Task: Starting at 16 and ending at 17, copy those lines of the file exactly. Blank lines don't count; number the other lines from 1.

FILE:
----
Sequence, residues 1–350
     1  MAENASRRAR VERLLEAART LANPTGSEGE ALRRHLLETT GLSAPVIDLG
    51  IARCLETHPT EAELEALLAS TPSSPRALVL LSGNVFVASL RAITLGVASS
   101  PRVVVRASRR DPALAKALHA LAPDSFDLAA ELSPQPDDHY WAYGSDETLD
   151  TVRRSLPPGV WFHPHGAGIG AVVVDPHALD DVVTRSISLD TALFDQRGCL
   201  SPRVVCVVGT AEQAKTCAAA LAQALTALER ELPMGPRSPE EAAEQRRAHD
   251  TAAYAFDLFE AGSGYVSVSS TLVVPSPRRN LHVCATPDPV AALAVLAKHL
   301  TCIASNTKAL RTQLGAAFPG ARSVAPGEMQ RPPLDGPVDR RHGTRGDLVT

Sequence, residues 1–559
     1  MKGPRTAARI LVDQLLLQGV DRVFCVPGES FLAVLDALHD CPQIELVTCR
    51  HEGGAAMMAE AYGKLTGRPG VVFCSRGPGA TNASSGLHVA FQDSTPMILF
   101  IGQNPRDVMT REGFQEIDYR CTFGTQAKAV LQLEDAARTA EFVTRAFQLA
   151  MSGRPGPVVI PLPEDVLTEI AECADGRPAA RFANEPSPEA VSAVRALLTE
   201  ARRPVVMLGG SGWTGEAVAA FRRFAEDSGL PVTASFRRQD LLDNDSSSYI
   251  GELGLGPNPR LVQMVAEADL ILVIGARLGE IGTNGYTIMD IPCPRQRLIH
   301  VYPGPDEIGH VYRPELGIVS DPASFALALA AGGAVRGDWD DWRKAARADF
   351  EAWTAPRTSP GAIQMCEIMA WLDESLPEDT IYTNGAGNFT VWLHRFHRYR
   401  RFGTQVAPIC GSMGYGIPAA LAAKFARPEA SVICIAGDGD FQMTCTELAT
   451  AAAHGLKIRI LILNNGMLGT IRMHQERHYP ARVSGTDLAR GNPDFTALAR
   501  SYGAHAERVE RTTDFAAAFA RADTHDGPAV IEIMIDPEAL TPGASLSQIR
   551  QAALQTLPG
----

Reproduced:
   301  VYPGPDEIGH VYRPELGIVS DPASFALALA AGGAVRGDWD DWRKAARADF
   351  EAWTAPRTSP GAIQMCEIMA WLDESLPEDT IYTNGAGNFT VWLHRFHRYR